Regarding the original topic:

I'm not a fan of those suburban mall brands at all...my school is basically one big Abercrombie & Fitch catalog and to be honest I find it quite repulsive. I'm not a fashion expert by any means, as I'm still learning a lot of things about clothes and defining my own style...but I had to make an observation: I don't mean to generalize, but is it pure coincidence when I talk to some of these people who swear by the cookie cutter college style that their personalities seem completely vapid and empty and that everything about them screams conformist? To be very honest with you I'll admit I do have a snob mentality towards these people, but this mentality is in response to their own smug ignorance and being content to fit in without any sense of individuality...and anything else outside that mold they fit in is just alien to them, namely good taste. Or maybe I'm just delusional. I've kind of tried as hard as possible to stay away from fitting under that category because I see those people and I see something that I genuinely despise, not just the clothes but the whole lifestyle in general. Which is why I actually prefer to be alone, doing my own thing rather than fit in with a crowd that I don't feel comfortable with anyway.

eh you don't have to pay me any mind, that wasn't really an interesting or funny statement, I just had to get some thoughts off my chest that I've been harboring for the past few years.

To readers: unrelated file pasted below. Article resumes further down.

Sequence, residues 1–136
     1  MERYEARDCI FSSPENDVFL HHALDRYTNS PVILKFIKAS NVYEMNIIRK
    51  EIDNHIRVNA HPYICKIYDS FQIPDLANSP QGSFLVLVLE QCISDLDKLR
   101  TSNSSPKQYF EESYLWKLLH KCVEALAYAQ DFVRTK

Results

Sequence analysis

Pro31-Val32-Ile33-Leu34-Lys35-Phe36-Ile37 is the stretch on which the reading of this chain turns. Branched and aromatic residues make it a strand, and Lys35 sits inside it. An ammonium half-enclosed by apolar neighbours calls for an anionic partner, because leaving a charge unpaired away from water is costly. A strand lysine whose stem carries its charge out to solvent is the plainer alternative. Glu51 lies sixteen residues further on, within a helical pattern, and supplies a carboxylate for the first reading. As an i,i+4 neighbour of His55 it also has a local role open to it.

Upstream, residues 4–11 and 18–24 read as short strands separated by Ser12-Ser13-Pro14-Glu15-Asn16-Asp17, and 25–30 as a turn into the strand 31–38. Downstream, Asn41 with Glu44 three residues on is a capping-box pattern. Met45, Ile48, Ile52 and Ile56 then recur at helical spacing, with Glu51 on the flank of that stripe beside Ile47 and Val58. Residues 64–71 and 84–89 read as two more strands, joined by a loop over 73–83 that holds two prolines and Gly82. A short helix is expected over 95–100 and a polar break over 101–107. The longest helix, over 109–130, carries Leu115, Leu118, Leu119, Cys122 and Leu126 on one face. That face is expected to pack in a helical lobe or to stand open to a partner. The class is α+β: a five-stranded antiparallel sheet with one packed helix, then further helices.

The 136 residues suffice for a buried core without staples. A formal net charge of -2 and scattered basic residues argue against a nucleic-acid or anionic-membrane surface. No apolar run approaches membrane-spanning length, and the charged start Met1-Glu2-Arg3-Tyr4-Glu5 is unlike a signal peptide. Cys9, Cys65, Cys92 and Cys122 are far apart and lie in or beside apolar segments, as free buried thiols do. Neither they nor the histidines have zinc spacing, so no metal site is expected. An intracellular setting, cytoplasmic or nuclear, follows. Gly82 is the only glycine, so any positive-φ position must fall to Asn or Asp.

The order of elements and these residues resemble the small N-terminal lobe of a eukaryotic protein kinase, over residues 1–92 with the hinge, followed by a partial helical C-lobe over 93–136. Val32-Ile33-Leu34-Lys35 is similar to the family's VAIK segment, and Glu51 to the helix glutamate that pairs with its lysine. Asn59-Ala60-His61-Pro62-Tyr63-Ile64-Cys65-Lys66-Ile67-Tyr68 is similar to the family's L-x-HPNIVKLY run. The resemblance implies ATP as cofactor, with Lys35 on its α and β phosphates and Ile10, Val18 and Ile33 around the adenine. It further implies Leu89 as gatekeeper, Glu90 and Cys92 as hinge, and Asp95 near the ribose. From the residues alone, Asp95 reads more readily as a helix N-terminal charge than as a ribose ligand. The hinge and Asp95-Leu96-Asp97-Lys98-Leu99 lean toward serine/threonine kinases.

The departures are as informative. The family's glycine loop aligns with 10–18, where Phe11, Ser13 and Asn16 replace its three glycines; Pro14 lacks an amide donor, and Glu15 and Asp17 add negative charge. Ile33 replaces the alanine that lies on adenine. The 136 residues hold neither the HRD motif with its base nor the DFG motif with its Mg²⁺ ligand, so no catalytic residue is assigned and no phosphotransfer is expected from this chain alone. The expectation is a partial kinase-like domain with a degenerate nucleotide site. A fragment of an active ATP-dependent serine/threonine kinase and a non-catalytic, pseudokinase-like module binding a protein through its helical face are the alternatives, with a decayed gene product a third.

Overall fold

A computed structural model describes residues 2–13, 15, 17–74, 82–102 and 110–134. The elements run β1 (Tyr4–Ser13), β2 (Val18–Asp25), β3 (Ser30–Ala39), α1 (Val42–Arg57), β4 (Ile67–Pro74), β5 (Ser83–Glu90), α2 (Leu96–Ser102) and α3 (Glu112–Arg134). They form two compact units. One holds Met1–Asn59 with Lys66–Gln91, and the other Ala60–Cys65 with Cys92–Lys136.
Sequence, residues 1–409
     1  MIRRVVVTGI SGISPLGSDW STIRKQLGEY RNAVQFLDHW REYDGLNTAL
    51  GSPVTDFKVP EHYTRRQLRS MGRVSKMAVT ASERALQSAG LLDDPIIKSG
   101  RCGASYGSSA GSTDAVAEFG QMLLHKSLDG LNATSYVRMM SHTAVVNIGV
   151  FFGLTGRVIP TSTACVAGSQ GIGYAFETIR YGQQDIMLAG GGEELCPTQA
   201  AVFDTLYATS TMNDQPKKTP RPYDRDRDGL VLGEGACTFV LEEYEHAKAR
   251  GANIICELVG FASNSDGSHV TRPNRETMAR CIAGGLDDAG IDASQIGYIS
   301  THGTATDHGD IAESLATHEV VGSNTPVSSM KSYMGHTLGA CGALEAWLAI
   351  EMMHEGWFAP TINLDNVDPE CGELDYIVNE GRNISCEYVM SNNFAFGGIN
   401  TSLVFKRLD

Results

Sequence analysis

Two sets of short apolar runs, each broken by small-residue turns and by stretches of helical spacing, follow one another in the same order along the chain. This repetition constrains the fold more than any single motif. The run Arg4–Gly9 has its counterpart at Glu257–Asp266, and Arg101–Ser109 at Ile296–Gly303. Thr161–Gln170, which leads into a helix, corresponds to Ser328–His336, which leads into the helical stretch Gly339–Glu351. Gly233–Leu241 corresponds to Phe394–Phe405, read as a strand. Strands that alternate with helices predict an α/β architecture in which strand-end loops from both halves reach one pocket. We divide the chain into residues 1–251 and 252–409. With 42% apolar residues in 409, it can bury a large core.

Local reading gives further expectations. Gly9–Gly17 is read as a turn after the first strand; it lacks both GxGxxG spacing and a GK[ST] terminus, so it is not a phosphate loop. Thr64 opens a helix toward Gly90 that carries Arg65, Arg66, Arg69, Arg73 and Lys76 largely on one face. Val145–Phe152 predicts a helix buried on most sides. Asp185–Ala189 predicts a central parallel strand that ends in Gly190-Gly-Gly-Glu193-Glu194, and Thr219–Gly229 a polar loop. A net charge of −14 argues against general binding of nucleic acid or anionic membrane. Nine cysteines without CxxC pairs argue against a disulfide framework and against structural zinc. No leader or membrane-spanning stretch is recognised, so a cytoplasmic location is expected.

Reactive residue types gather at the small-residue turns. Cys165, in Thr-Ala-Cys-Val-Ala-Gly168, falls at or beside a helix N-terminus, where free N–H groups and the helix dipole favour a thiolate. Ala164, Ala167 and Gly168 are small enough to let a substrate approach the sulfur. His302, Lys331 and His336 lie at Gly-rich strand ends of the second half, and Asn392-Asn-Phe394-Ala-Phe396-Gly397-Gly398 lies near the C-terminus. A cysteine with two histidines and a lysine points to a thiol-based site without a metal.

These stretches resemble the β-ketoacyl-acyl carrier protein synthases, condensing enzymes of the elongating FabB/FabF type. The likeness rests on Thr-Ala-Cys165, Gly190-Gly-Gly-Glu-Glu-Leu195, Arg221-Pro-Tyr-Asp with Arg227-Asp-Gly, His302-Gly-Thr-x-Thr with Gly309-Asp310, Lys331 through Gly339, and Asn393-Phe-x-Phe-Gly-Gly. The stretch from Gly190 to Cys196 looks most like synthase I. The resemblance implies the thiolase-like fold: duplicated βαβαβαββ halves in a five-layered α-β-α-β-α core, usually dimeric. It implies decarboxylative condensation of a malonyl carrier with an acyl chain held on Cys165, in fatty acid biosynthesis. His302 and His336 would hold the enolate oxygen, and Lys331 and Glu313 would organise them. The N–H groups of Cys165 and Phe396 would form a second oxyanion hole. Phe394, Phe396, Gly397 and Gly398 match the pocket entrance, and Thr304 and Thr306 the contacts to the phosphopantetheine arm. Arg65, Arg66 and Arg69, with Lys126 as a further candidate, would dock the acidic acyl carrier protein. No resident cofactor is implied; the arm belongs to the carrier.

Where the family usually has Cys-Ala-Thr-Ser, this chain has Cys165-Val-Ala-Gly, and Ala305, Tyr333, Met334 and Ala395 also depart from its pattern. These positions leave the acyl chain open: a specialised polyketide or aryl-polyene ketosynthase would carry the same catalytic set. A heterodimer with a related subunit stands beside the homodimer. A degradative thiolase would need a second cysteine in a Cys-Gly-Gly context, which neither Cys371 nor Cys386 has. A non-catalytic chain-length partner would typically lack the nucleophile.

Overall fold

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02-12-2004
  53
flaunt the imperfection..
 
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i suppose this thread has become relevant here...

http://www.thefashionspot.com/forums/index...?showtopic=9218

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02-12-2004
  54
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I've kind of tried as hard as possible to stay away from fitting under that category because I see those people and I see something that I genuinely despise, not just the clothes but the whole lifestyle in general. Which is why I actually prefer to be alone, doing my own thing rather than fit in with a crowd that I don't feel comfortable with anyway.
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i think that's great!...
i do some of my best work when i am on my own...

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02-12-2004
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Quote:
Originally posted by mikeijames@Dec 2 2004, 12:11 PM
for those with money, there was nothing more rebellious than using your parents credit cards to buy up layers and layers of distressed clothing. i mean there was such an exclusivity about abercrombie because even if you recognized it, you had to wrap your mind around the idea of paying seventy dollars for a pair of torn shorts. it immediately separated the poor from the rich.
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i'm sorry, but that does not sound rebellious, that sounds decadent and even to some degree arrogant.

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02-12-2004
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Quote:
Originally posted by faust@Dec 2 2004, 01:41 PM
i'm sorry, but that does not sound rebellious, that sounds decadent and even to some degree arrogant.
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there is a certain type of rebellion because lots of parents found the idea of spending good money on old-looking clothes absurd. it is of course decadent, most conspicuous consumption is. conspicuous consumption and arrogance find themselves often times confused. (buying a sixty thousand dollar fendi fur: conspicuous consumption or arrogance?)

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02-12-2004
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Quote:
Originally posted by faust@Dec 2 2004, 01:41 PM
i'm sorry, but that does not sound rebellious, that sounds decadent and even to some degree arrogant.